Not on Lexapro, but on Geodon, Seroquel and Lamictal for bipolar. Was on abilify, but I gained 8 lbs in 2 weeks because I was constantly starving. The geodon still makes me hungier than normal, but my moods are so stable with this cocktail that I don't want to mess with it. I've started drinking lots of water and watching my calories and just have decided to live with being a little hungry at the end of the day. I'd rather be hungry than suicidal and hospitalized again. But everyone's brain works different and what affects one may not affect someone else. Good luck on your journey. Psychotropic meds can be tricky to get right.
  29960049
October 25, 2012 1:41 PM
Although Lexapro has been weight neutral for me, I Feel like it does make it more difficult for me to lose. That is just my experience, though. I react the same way to pretty much every antidepressant (zoloft, paxil, lexapro), so it most likely is just the way my body reacts. I am also on abilify and that made me ravenous for the first couple of weeks, but that went away eventually.

Hang in there and add me if you'd like!
October 25, 2012 2:10 PM
QUOTE:

Not on Lexapro, but on Geodon, Seroquel and Lamictal for bipolar. Was on abilify, but I gained 8 lbs in 2 weeks because I was constantly starving. The geodon still makes me hungier than normal, but my moods are so stable with this cocktail that I don't want to mess with it. I've started drinking lots of water and watching my calories and just have decided to live with being a little hungry at the end of the day. I'd rather be hungry than suicidal and hospitalized again. But everyone's brain works different and what affects one may not affect someone else. Good luck on your journey. Psychotropic meds can be tricky to get right.


We could be twins. Same meds for the same thing. :)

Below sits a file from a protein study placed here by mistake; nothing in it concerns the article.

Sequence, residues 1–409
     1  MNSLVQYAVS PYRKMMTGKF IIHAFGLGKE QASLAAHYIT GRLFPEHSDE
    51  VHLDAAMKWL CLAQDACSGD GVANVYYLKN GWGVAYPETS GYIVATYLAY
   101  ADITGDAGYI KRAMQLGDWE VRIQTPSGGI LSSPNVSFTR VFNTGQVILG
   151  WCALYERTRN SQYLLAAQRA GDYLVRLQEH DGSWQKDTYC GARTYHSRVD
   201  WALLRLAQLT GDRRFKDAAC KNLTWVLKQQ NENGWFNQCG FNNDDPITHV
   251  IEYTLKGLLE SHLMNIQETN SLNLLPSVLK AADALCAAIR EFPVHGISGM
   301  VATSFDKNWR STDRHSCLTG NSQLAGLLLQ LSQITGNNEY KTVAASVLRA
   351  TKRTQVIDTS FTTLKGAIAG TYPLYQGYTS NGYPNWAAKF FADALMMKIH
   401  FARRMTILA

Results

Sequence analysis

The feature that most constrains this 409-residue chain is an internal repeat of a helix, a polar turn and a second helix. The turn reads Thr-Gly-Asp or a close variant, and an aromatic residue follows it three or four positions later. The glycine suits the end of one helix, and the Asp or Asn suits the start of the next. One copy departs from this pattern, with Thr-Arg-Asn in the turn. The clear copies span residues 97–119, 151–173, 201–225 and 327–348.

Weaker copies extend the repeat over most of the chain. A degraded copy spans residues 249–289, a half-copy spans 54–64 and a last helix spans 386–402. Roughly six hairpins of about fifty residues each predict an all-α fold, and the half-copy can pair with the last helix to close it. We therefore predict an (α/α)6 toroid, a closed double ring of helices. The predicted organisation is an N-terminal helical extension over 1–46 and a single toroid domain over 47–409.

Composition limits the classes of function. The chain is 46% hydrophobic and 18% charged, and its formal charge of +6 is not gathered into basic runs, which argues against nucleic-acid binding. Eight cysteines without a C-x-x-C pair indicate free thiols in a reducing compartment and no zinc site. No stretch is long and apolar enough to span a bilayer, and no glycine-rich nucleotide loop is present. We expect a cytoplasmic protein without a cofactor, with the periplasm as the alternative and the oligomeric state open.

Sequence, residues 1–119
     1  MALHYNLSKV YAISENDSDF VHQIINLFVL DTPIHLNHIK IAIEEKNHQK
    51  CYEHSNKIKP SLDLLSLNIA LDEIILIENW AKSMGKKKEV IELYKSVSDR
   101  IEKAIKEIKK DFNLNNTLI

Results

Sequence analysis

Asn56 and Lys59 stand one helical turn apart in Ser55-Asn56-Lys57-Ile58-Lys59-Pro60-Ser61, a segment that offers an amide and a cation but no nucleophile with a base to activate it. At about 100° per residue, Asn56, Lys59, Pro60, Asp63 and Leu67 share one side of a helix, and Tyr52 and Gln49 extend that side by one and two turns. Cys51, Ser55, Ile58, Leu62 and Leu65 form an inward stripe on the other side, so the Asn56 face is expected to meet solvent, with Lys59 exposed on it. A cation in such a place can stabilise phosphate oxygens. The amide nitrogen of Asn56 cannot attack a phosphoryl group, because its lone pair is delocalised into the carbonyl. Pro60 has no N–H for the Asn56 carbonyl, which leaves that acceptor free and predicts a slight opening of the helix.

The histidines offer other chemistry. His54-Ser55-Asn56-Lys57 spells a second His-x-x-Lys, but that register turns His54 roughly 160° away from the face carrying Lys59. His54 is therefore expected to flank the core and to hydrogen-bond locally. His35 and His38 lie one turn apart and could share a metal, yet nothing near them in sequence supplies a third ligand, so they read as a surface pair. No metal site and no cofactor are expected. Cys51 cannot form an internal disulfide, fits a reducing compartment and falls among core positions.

June 9, 2013 12:00 PM
New to this... It has been 4 months since I stopped taking lexapro after being on 10 mg for two years. I vigorously exercise cross fit and running 3-4 days a week, and eat very well. Still I have only lost 2 of the 20 pounds I gained while on lexapro. At times I feel hopeless and depressed. It is like the weight gain has caused me to be more depressed then I was before I took the lexapro. I need to know that there is so e light at the end of this dark tunnel. Does anyone know how long it takes to lose the weight after lexapro??? I read so many different time frames. I am so over this!!!
July 7, 2013 4:02 PM
I was on Lexapro for close to 7 years. I gained about 30 lbs. on it. My doctor said it doesn't cause weight gain, so I attributed the weight gain to getting older, etc. For the past 4 months, I've worked out more than I have in my adult life and have maintained a healthy diet. Grand weight loss? 0.8 lbs. Frustrating. It was at that time that I looked up Lexapro and weight gain. I found a lot of anecdotal evidence that it causes weight gain. One reason that was given behind the "no weight gain" on Lexapro was that the weight gain is slow and most clinical trials are only 8-12 weeks long.

I weaned off Lexapro over 6 weeks time and have been off completely for almost a month. The scale hasn't budged. I'm assuming it will take longer than a month. I have read on other blogs that others have lost 5 lbs. in 2 months and that it could take 6 months to a year to lose the weight.